The Church is not a "substitute" for Israel. Paul uses the notion of "adoption" or "being engrafted." "The Church is conscious of being given a universal horizon by Christ, in conformity with Abraham's vocation, whose descendants from now on are multiplied in a filiation founded on faith in Christ." Christ is a completion of what went before. The universality of the Covenant now stands in clearer light. The New Testament is faithful to "the Sacred Scriptures of the Jewish People." This faithfulness follows the "prophetic oracles" that tell of a New Covenant.

III.

How do individual Jews appear in the New Testament? During and after the time of Christ, divisions existed among the Jews themselves. Indeed, these divisions were already in the Old Testament. The Jewish historian Josephus divides them into Pharisees, Scribes, and Essenes. Even that is not complete. The document talks of these divisions in the last century before Christ, then in Christ's time, in the time of the disciples, and in the time after the Jewish revolt and the destruction of the Temple by the Romans. The outlook of the Gospels and Epistles is positive. The Jews are recognized as "a people chosen by God for the fulfillment of his plan of salvation." This understanding means that the place of the Jews is central for any Christian understanding of itself.

As the Jews are the chosen people, so Christ is a Jew. He is "sent" by the Father. He doesn't just happen along. "The divine choice finds its highest confirmation in the person of Jesus, son of a Jewish mother, born to be the Saviour of his people, one who fulfils his mission." The Jewish people are "chosen" for another divine choice that will complete the "plan of salvation" for all mankind. Most of those who first attached themselves to Christ during His own lifetime were Jews, the twelve Apostles being the obvious example.

We also find in the Gospels and Epistles that these Jews who did follow Christ ran into opposition from several Jewish leaders, some of whom are identified by name. The Acts and the Gospels record many of these altercations which often end in beatings, prison, even death. The New Testament simply records these incidents because they happened. What else could it do? Eventually, "the greater number of Jews" followed these leaders in this opposition that eventually became codified in the Jewish explanation of itself without the Messiah as recognized and codified in the New Testament by Christians.

No one, either Jew or Christian, wants to deny that such conflict happened. It was not made up. On the other hand, it falls into the broad context of following the example of what happened to Christ himself. He told his followers to expect such treatment, especially from political and religious leaders. Actually, the document points out, the Old Testament, long before the time of Christ, often excoriates the Jewish leaders more harshly than did anyone in the New Testament. These incidents, however, cannot today be taken as a basis for "anti-Jewish feeling." What is found in the New Testament is not the phenomenon known as "anti-Semitism." Rather, these "reproaches are addressed to certain categories of Jews for religious reasons, as well as polemical texts to defend the Christian apostolate against Jews who opposed it."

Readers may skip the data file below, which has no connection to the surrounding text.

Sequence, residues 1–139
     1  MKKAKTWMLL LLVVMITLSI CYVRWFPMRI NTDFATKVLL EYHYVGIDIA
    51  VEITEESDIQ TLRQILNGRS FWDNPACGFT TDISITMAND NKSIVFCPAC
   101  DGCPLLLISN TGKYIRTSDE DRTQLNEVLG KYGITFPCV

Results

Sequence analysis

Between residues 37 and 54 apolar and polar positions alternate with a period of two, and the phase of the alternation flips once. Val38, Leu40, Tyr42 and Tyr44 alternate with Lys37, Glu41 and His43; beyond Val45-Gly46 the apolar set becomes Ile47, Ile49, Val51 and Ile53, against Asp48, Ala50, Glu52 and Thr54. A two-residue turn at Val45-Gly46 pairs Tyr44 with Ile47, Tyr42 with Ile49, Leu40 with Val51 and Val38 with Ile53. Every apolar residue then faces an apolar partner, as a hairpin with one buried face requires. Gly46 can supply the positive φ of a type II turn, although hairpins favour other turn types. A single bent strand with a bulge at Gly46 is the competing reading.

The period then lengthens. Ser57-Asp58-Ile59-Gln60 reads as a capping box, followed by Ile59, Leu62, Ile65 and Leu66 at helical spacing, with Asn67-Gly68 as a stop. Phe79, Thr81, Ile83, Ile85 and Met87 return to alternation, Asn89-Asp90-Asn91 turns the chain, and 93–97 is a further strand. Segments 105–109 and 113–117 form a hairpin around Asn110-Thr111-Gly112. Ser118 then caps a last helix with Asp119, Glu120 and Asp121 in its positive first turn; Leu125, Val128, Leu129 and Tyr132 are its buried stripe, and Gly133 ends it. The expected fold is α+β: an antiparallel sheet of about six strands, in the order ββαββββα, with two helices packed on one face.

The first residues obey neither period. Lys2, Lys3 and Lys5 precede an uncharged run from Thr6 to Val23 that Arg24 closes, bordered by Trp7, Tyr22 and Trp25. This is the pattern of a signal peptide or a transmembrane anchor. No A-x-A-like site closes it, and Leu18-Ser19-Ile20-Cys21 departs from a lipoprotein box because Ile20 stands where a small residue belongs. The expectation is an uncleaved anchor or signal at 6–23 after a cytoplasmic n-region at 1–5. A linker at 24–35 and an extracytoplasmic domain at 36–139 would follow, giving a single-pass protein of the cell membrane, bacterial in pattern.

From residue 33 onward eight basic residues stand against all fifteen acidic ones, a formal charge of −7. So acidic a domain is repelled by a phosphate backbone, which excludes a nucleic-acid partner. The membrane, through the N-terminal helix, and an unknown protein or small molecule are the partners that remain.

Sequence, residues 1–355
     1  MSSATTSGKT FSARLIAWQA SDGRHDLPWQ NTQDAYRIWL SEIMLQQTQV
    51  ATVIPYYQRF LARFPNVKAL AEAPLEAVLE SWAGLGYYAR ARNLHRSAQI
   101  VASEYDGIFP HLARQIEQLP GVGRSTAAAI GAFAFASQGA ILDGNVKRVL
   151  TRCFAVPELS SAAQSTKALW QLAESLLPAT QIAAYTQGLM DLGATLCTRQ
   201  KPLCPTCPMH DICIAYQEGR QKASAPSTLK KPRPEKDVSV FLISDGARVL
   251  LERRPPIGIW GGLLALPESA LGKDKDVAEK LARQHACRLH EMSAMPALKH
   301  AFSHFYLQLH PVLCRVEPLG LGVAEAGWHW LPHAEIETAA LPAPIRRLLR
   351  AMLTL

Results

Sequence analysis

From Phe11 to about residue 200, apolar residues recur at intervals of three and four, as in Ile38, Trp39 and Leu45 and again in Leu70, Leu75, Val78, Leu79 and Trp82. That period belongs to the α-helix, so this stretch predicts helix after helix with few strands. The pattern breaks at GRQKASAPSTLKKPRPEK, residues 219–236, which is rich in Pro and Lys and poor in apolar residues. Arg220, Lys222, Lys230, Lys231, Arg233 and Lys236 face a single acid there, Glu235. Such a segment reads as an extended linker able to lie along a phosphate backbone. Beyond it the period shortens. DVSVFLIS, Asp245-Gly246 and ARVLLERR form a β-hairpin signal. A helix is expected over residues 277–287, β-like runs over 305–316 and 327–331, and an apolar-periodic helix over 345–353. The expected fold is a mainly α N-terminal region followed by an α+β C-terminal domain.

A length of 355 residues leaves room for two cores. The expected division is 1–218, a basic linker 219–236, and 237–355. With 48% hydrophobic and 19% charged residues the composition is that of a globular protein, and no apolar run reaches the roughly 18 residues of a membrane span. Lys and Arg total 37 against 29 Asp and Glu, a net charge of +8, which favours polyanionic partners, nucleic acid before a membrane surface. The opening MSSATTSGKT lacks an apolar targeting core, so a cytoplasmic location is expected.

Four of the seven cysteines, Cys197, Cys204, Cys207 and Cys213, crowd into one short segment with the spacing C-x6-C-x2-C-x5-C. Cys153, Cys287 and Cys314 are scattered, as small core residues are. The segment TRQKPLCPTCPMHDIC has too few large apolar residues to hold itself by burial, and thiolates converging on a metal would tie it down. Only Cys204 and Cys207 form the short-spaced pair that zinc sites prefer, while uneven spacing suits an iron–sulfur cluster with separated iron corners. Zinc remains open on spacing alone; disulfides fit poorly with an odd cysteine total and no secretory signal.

One cannot say that protests or opposition to unfair treatment is "hatred." Jews themselves are famous for pointing out unfair treatment of their persons and causes. Nor can explaining what one holds to be true be said to be an unjust exercise of power or fanaticism. To speak the truth is the very basis of peace, ultimately. As it says in the Acts of the Apostles "Israel's sin is to have put to death the Prince of Life" (3:15). Does one have to interpret this statement of Peter pejoratively? It is rather a call to attention, to conversion and repentance. It may not be accepted. But the mere saying it is certainly justified. Peter said it because he himself at the time is being tried by Jewish leaders for stating what he holds to be true.

The examples of Jesus Himself and Stephen at his stoning show a remarkable forbearance. Peter even mitigates the blame of the Jewish leaders by saying that they really did not "know" what they were doing. They dealt unjustly with an innocent man, but they did not understand who Christ was. In that sense, Christians, rightly or wrongly, see them as instruments of the plan of salvation itself as foreseen in the Old Testament itself. The text adds that we no longer have such a polemical situations. Both Jews and Christians can accept the facts of what happened. No one claims that no sins and faults occurred. Everyone needs to see the transcendent significance of what happened.